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As Ringling Bros. Closes, Circus Workers Are Left Scrambling for New Jobs

The iconic circus is shutting down after years of animal rights protests over its treatment of elephants, and longtime employees are now panicking over how they will support themselves.

by Mitchell Sunderland
Jan 24 2017, 4:05pm

A Ringling Bros. performer with the circus elephants. Photo by Michael S. Williamson/The Washington Post via Getty Images

Following decades of battles against PETA and other animal rights activists, the Ringling Bros. and Barnum & Bailey Circus has thrown their towel into the ring. On May 21, "the Greatest Show on Earth" will perform for the final time. Feld Entertainment, the circus's corporate owner, can no longer afford to run the circus. Last year, the company retired the shows' performing elephants after PETA released a 13-page expose accusing Ringling Bros. of using bullhooks and electrical prods on the animals.

Feld Entertainment denied the accusations, but ditched the elephants anyway, citing the economic cost of transporting them from city to city and acknowledging that public opinion had shifted out of their favor. Instead, ticket sales collapsed dramatically.

"The majority of people, it ends up, wanted to see the elephants," says Ringling Bros. band trombonist Megan O'Malley.

PETA has celebrated the circus's demise, tweeting about what they call the end of "the Saddest Show on Earth." Regardless of the controversy surrounding performing animals, the closure has thrust Ringling Bros.' employees into economic uncertainty. About 400 people will lose their jobs come May.

"It's traumatic!" says Johnathan Lee Iverson, who became Ringling Bros.' first African-American ringmaster 18 years ago. "For artists and crew alike, it's bearing witness to the death of the penultimate icon of our industry. This decision has international ramifications. Artists, the world over, work their entire lives to get to the Greatest Show On Earth."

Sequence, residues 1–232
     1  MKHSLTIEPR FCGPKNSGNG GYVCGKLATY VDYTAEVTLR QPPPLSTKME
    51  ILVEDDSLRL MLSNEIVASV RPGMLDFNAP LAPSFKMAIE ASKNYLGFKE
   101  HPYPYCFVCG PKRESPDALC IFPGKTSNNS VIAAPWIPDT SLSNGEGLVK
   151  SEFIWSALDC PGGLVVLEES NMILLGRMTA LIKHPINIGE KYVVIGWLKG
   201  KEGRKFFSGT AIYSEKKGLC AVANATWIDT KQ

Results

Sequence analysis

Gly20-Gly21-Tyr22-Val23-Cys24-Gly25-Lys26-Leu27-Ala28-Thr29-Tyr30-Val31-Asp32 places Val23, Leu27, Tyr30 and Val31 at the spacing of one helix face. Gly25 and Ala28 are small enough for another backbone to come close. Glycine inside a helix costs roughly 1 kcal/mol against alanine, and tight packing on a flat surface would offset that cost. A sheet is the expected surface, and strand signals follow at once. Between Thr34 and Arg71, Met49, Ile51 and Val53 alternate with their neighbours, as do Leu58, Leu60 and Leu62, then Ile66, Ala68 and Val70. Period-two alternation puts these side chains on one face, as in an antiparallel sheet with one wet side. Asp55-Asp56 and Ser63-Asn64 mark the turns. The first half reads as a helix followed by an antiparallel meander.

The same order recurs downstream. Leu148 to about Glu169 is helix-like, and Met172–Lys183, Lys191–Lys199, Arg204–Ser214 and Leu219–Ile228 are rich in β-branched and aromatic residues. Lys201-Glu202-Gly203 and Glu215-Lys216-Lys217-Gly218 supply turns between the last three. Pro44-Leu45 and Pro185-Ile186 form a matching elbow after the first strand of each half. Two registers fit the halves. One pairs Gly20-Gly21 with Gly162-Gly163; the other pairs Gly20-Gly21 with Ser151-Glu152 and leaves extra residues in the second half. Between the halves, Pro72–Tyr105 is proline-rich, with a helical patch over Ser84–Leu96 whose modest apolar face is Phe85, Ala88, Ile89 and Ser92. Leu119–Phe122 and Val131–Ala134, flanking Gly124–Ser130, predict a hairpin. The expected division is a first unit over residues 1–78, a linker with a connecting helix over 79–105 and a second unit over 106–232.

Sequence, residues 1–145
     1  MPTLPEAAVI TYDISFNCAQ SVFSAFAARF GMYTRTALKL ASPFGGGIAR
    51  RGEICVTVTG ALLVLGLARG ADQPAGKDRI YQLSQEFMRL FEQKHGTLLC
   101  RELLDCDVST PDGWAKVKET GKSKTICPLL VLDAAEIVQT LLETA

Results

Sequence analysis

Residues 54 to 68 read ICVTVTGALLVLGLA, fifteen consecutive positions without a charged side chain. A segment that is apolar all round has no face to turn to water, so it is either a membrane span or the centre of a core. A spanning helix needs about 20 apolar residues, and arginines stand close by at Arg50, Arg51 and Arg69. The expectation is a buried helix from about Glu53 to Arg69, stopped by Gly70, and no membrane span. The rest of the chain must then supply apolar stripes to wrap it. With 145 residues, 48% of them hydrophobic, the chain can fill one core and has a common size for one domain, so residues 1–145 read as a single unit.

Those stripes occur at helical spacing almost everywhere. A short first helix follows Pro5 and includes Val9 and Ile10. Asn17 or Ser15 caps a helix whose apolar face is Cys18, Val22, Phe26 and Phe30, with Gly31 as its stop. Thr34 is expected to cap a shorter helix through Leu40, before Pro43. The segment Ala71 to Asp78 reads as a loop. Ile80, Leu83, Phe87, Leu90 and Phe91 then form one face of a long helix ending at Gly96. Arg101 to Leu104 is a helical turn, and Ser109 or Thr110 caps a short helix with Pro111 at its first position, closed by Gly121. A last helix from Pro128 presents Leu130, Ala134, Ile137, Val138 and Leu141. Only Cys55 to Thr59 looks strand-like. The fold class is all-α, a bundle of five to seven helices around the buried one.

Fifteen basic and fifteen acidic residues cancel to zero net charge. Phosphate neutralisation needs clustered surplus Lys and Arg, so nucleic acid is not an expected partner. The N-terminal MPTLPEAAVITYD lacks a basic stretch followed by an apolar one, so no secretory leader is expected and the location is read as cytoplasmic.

Working-class circus employees will face a bizarre matrix of circumstances as they search for new jobs in the workforce. Many contortionists, acrobats, and clowns come from families that have worked in the three rings for generations; all have honed skills only useful to the circus. "It's a specification," O'Malley explains. "Circus is a very specific kind of work."

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"They spend their lives perfecting five to seven minutes that they do to entertain audiences," says Stephen Payne, a spokesman for Feld Entertainment.

Older circus people could be hurt the most. Some middle-aged men have worked for Ringling Bros. for decades, selling popcorn, cotton candy, and T-shirts in concession stands. O'Malley's boss, the band leader, has performed in the circus band for 23 years. "He is not traditionally from a circus family, but that's how long he's been here as bandmaster," she says. "He's going to have a very hard time. He loves this job. He has a family to support." The statistics are against him. On average, the Department of Labor reports people 45 or over look for nine months for a new job, versus people age 35 to 44 who only apply for jobs for six months.

The Ringling Bros. clown troupe peek through the curtain as they watch the final elephant show. Photo by Michael S. Williamson/The Washington Post via Getty Images